1 Samuel 1:1-2:26; John 10:22-42; Psalm 63:1-11
“Eli’s sons were wicked men; they had no regard for the Lord” (1 Samuel 2:13). They “sinned against the Lord” – “they did not listen to their father’s rebuke” (1 Samuel 2:25). God is calling us back from this way of living. He is showing us the better way – “the boy Samuel continued to grow … in favour with the Lord” (1 Samuel 2;26). It’s the way of listening to the Lord – “Speak, for Your servant is listening” (1 Samuel 3:10). In Proverbs 29:1, there’s a very challenging word of warning: “He who is often rebuked, and hardens his neck, will suddenly be destroyed, and that without remedy.” Such words of warning are also found in the New Testament. Jesus said, “whoever blasphemes against the Holy Spirit will never be forgiven; he is guilty of an eternal sin” (Mark 2:29). Our response to such words is not to attempt to give ‘the perfect answer’ to the question, “What is the blasphemy against the Spirit”? We are to “walk in the Spirit” (Galatians 5:16). John the Baptist warned his hearers to “flee from the coming wrath” (Luke 3:7). Once again, the goal is not to gain “a perfect understanding” of “the coming wrath.” We are to “produce fruit in keeping with repentance” (Luke 3:8). Hebrews 2:3 says “How shall we escape if we ignore so great a salvation?” Here, the emphasis is on God’s great salvation. This is what changes us – “The Lord opened her heart to respond to Paul’s message” (Acts 16:14). Are there people who have hardened their hearts so much and so often that they have committed the sin of blaspheming against the Holy Spirit? The Word of God says that this can happen to any of us. It also says that there’s a better way of living. God’s way is beautifully summed up in the words of the chorus: “Turn your eyes upon Jesus, Look full in His wonderful face; and the things of earth will grow strangely dim in the light of His glory and grace.” We can harden our hearts when we persist in sinning against the Lord. We cannot soften our own hearts. We can only pray, “Soften my heart, Lord.” It’s His love which changes us. In Jesus’ day, there were people who refused to listen to Him – “the Jews picked up stones to stone Him” (John 10:31). Jesus shows us a better way -”My sheep listen to My voice; I know them, and they follow Me. I give them eternal life, and they shall never perish; no one will snatch them out of My hand” (John 10:27-28). In Psalm 63: 11, there’s a word of warning – “the mouths of liars will be silenced.” Once again, there’s a better way – “rejoice in God.” Romans 3:4 says, “Let God be true, and every human being a liar.” What’s God saying to us here? – Don’t believe the devil’s lie. He tells us that we can live any way we like. That’s the way of book of Judges ends – “everyone did what was right in his own eyes” (Judges 21:25). How can we be delivered from a life of “ungodliness and unrighteousness” (Romans 1:18)? – Paul gives us this great answer – “I am not ashamed of the gospel, because it is the power of God that brings salvation to everyone who believes” (Romans 1:16).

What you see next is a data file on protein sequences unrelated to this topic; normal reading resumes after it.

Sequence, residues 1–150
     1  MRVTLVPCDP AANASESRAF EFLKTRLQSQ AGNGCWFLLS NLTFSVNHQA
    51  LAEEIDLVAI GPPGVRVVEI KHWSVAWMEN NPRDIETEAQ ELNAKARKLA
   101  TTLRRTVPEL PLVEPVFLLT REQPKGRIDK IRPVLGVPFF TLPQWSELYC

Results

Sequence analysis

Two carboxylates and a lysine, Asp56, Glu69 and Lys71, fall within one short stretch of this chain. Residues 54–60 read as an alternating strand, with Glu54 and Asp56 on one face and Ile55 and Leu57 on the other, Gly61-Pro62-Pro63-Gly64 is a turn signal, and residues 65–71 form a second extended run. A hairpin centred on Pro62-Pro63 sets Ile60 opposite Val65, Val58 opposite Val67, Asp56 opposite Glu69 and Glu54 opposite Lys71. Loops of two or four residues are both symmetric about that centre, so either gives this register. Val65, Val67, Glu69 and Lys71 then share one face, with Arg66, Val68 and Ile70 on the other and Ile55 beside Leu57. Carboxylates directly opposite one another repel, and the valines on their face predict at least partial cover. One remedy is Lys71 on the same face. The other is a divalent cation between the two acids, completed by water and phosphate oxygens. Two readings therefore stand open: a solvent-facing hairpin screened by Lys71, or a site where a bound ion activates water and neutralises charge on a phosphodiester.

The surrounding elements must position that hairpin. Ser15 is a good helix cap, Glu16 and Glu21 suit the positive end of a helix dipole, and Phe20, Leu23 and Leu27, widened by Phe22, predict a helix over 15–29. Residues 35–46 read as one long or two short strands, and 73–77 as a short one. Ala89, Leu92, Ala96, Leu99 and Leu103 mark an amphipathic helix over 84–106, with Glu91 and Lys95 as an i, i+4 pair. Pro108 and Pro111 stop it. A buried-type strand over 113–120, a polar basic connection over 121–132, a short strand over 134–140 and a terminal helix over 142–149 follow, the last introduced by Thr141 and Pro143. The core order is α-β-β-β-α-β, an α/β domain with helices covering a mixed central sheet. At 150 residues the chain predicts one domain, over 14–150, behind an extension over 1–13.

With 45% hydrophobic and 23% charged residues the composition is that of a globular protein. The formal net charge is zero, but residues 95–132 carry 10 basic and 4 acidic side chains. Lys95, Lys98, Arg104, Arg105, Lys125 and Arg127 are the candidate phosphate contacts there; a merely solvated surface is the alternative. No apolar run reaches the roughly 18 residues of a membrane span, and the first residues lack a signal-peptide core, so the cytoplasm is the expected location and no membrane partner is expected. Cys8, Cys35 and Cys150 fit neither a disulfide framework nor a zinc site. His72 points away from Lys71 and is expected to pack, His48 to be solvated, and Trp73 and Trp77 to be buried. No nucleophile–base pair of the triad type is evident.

1 Samuel 2:27-4:22; John 11:1-44; Psalm 64:1-10
In the days of Samuel’s youth, “the word of the Lord was rare” (1 Samuel 3:1). Nevertheless, “the lamp of God had not yet gone out” (1 Samuel 3:3). God began to do a new work, with Samuel at the very heart of it. This new work was like a “resurrection”, out of the ashes came life – “Jesus called in a loud voice, ‘Lazarus, come out!’ The dead man came out” (John 11:43-44). This is the kind of thing that God was doing in Samuel’s day: “See, I am about to do something in Israel that will make the ears of everyone who hears about it tingle” (1 Samuel 3:11). The results of such a mighty work of God are described in Psalm 64:9-10: “All people will fear; they will proclaim the works of God and ponder what He has done. The righteous will rejoice in the Lord and take refuge in Him; all the upright in heart will glory in Him!”
1 Samuel 5:1-7:17; John 11:45-12:11; Proverbs 12:18-27
In Samuel’s day, there was conflict between the god of the Philistines (Dagon) and the God of Israel. It was no contest – “there was Dagon, fallen on his face on the ground before the ark of the Lord!” (1 Samuel 5:3-4). In Jesus’ day, there was conflict between the religion of the Jews and the Gospel of our Lord Jesus Christ. The Jewish religious leaders were concerned about their place and their nation. They didn’t see the most important thing – the glory of God. God was being glorified in the ministry of Jesus (John 11:47-48). “Truthful lips endure forever, but a lying tongue lasts only a moment” (Proverbs 12:19) – when the Philistines and the Pharisees have been silenced, “every tongue will confess that Jesus Christ is Lord, to the glory of God the Father” (Philippians 2:11).